Second, religious institutions (as well as other nonprofits) are increasingly finding themselves mired in financial scandal involving mismanagement – even theft – of their charitable assets.  But for First Amendment religious freedom reasons, and unlike all other public charities, they are not required to file the annual IRS Form 990s.  Many political and other leaders have thus called for increased accountability, positing other interests above religious liberty values.  

Third, enter the groundswell of legislative activity, court rulings, and debates over same-sex unions, sexual orientation, and gender identity.  The result: an increasing clash between proponents of such beliefs and people with sincerely held theological and other opposing religious beliefs about human sexuality and our societal well-being.   

Prudence.  What does prudence warrant?  Caution and discretion.  This is not an ideal time to push for a judicial or IRS showdown on the political campaign prohibition for religious institutions.  Recent 5-4 Supreme Court decisions on religious liberty and free speech demonstrate that protection of religious institutions’ First Amendment rights is by no means assured.  (See, e.g., Burwell v. Hobby Lobby(2014); Federal Election Commission v. Wisconsin Right to Life (2007).)  In addition, the IRS has demonstrated that it cannot be trusted to protect constitutional freedoms, particularly in light of the 2013 scandal regarding its improper handling of tax-exemption applications filed by conservative organizations.  Further, with the apparently growing intolerance of religious liberty, this is not the time to thumb one’s nose at the political campaign prohibition.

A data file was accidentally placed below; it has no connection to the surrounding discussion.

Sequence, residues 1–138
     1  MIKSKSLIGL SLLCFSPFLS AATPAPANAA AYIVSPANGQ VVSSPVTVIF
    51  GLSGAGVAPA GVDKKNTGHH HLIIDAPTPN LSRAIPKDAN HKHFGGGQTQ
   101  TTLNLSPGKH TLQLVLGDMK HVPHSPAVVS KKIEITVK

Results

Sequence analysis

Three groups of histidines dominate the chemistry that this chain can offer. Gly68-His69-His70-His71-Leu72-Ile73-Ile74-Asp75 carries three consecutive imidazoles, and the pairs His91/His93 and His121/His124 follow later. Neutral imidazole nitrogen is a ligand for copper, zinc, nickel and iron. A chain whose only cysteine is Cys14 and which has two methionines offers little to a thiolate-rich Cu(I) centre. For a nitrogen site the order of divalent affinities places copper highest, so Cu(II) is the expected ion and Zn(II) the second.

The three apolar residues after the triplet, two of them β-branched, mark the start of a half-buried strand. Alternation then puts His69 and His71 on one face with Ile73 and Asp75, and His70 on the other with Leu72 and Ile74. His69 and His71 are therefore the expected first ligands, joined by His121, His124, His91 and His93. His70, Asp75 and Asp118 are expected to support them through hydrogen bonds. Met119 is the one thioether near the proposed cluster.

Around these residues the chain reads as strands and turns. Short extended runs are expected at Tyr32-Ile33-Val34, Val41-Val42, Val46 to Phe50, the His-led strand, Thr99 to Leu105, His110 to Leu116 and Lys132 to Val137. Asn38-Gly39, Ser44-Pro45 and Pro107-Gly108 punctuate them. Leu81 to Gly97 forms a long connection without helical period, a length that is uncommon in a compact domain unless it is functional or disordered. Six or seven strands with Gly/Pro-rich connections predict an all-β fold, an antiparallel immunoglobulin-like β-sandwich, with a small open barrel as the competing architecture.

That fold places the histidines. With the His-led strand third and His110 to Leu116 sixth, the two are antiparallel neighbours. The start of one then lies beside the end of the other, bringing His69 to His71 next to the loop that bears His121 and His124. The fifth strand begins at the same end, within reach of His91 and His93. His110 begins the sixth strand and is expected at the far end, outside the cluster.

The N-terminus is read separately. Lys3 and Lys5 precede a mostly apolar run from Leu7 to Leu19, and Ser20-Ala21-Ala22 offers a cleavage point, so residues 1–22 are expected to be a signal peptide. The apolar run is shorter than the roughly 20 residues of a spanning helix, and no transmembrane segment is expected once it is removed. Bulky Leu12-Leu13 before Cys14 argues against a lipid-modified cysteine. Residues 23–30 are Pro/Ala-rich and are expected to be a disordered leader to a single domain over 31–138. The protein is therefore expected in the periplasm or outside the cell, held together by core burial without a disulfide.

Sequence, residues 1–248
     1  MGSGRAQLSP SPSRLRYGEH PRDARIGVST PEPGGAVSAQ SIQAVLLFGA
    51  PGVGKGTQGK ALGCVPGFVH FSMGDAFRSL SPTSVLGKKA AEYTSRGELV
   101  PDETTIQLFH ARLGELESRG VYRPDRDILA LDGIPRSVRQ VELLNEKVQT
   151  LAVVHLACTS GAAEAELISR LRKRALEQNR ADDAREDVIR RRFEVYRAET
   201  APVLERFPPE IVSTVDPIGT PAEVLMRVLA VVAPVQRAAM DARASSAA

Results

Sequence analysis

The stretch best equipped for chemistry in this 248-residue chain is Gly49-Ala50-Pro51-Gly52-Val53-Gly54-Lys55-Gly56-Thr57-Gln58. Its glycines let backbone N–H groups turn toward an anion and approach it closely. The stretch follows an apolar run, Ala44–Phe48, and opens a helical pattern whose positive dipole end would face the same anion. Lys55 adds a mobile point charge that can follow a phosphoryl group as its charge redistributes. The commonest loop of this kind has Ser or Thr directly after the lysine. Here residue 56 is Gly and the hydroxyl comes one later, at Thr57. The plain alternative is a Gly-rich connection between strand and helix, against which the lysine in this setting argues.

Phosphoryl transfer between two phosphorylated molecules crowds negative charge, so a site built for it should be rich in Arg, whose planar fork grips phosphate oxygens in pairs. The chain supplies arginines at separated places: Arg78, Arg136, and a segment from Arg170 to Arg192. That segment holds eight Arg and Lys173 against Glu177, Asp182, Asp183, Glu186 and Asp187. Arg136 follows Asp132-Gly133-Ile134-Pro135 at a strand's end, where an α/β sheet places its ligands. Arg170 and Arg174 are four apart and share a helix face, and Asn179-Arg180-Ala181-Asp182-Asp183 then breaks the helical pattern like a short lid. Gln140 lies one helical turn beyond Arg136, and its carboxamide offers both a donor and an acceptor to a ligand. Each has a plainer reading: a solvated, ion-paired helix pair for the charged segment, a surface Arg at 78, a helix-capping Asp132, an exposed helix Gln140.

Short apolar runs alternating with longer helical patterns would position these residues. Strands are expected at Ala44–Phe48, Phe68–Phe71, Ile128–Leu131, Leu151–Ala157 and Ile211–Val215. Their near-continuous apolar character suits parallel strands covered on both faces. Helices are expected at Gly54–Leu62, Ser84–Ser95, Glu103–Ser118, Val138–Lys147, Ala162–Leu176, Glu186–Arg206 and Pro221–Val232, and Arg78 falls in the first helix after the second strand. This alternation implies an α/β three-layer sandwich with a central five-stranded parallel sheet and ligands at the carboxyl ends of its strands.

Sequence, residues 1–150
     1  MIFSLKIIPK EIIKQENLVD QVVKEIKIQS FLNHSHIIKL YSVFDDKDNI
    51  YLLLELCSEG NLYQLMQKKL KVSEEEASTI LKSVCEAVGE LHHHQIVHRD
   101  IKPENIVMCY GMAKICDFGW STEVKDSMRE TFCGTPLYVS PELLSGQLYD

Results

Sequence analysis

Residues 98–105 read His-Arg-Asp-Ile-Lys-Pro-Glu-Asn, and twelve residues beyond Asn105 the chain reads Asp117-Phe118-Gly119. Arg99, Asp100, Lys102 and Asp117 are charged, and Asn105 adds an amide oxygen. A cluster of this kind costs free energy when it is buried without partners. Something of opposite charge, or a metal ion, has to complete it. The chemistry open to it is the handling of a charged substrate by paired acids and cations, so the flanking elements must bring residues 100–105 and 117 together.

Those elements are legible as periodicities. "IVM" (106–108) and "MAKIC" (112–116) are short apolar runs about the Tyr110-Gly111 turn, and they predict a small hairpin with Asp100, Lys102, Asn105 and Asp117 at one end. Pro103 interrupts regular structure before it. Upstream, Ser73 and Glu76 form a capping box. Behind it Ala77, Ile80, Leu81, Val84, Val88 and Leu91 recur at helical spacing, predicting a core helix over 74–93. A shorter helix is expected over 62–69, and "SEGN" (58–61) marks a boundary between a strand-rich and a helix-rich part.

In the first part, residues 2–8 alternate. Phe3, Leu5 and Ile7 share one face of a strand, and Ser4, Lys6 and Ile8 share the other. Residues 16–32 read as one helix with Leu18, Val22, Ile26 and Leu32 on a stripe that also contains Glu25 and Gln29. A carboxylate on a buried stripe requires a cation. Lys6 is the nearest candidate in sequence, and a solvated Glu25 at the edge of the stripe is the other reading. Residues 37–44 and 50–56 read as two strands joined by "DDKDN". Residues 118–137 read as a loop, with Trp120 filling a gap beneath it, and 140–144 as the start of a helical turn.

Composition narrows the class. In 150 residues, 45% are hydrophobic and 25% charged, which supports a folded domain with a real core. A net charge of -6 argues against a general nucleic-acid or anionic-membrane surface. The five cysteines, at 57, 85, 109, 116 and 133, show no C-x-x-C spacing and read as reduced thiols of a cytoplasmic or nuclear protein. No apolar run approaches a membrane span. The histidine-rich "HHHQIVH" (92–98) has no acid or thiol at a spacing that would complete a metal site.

What can and should religious institutions do?  First, respect and obey the law, insofar as such obedience is consistent with one’s conscience.  Second, preach one’s beliefs, doctrine, and values wholeheartedly and fully.  Preach and teach from the Bible, the Koran, and other sacred texts about the key underlying issues: caring for the poor, sanctity of life, sexuality, the environment.  This kind of communication can be done without reference to a specific political candidate or party.  (Such approach may otherwise be quite practically prudent to avoid divisive partisanship.)  Likewise, exhort listeners to follow religious doctrine and live out religious values.  Such exhortation can be performed as sincere religious adherents, or simply as citizens.